Since you were starting almost from scratch, what systems did you choose to implement?

I have had a fair amount of experience with treasury management systems (TMSs) and this was my fifth implementation. Although Cable&Wireless Worldwide uses SAP’s ERP system strategically, I did not think their treasury module was suitable in this situation because it did not suit our specific needs at the time as I did not have the time or resources available to take on a larger scale implementation. As I mentioned earlier, explaining treasury’s role to the rest of the business meant the importance of good systems was understood at a senior level and we could secure the budget for the TMS.

I wanted a smaller ‘best in class’ solution that could be implemented quickly and easily – one that could be scaled up at a later stage – again, deadlines required me to take a pragmatic approach to the process; fortunately my experience meant I knew exactly what I was looking for. Two TMS companies appeared to fit the bill, and we ended up selecting IT2. I have worked with them before and trusted them to deliver what we needed with minimal help from internal resources who were absorbed in the myriad of other system issues associated with the de-merger.

In this situation, it was vital to sit down with the vendor and have a full and frank discussion in which I explained our dilemma in terms of the limited resources available and the timeframe we were working to. Having worked with them previously, I could leverage that trusted relationship. IT2 quickly understood that I wanted to implement a system in phases that began with cash management, FX and basic deal recording functionality and that could be expanded and scaled up later.

I challenged IT2 to set it up within a week, and it was all ready before the de-merger with the accounts set up for the analysts to start work on immediately. Once that was in place IT2 took the next step in the process, setting up the interfaces with the banks so we got the position reports through the TMS. Whilst this was happening, our cash and working capital team was still doing the actual work until I had my team, infrastructure and basic processes in place and then we transitioned the work across to the treasury team.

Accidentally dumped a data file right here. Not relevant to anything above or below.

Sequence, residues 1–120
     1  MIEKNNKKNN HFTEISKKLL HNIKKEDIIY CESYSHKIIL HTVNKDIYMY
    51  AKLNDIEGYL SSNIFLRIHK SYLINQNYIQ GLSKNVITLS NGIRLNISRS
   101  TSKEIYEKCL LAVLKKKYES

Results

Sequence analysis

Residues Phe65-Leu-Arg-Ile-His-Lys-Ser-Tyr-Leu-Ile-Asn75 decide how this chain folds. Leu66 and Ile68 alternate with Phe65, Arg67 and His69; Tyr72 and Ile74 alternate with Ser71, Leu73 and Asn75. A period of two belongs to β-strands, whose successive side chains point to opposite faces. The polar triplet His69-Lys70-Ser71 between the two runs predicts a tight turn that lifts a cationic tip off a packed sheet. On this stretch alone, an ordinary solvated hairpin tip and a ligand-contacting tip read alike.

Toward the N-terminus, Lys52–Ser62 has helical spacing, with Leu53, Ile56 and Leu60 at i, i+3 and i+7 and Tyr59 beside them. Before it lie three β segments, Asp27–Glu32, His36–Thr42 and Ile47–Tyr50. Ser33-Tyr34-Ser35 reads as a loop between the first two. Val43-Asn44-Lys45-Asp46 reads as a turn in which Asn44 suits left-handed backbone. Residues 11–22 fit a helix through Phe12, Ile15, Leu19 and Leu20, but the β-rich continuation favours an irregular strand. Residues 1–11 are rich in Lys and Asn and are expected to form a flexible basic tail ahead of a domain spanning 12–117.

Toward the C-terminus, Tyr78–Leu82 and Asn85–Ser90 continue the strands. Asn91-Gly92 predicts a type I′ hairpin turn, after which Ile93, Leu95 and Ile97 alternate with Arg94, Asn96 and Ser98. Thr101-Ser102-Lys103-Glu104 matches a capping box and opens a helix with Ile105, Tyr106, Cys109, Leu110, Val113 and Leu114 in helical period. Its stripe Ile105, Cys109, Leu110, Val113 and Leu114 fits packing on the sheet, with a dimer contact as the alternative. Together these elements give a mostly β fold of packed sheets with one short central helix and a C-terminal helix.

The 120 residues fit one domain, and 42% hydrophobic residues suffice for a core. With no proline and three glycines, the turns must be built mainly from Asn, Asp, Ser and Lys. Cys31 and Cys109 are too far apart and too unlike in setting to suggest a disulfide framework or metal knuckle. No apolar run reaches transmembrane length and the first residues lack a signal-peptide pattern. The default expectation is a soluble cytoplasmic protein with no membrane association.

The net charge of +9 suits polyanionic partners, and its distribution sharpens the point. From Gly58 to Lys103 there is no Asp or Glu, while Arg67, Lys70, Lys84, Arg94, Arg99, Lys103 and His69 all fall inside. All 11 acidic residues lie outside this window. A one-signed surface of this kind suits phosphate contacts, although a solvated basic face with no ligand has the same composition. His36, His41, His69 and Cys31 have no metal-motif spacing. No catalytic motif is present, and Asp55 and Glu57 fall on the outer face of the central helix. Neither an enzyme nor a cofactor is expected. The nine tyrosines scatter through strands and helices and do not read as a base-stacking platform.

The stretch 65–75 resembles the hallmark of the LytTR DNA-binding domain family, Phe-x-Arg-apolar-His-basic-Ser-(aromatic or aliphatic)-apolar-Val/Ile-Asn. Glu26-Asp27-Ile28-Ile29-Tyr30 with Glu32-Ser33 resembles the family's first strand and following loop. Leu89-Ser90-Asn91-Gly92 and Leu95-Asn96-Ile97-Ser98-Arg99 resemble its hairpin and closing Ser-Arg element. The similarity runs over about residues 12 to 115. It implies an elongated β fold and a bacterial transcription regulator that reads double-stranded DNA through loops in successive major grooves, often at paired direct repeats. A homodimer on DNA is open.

Although it worked for us, I would not recommend this approach to any treasurers who do have the resources and time to complete a full RFP process. The RFP provides the strongest basis for contractual obligations and levels of expectation, for a start. When undertaking the RFP process I would recommend issuing a short, clear, concise proposal, then spending more time discussing the systems from the basic points upwards to make sure you get a system that fits all of your day to day needs as closely as possible. The expectation gap is always the most difficult piece to manage once the implementation starts.

We have also recently implemented 360T dealing portal and Misys confirmation matching to streamline and automate our money market and FX dealing processes.

How successful has the new treasury implementation been?

Operationally we still have a lot to do but we have achieved a lot. We had a documented treasury policy in place at de-merger which was re-adopted by the Board in January of this year and has been communicated to the whole business.

We have implemented a TMS which is secure, records deals and we manage our cash position through it, which is great, considering there are still a lot of treasuries which still use spreadsheets for that. We have the team in place. We report to the Board every month on compliance and to tell them what treasury is up to as well as give a global cash position report. We’ve implemented and documented all our dealing procedures – we have got a lot done.

On a strategic level, the company now understands the value of treasury and the experience it can bring throughout the whole risk process. Clearly, the de-merger financing has helped the business understand what treasury is able to do for the organisation. Also, whereas in the past, treasury would only get involved in sorting issues out after the event or being the ‘blocker’ when seeing issues at the eleventh hour; the business now understands that involving treasury in the early stages can add value in looking at the whole risk chain in commercial contract negotiations for example. The de-merger has helped in that respect.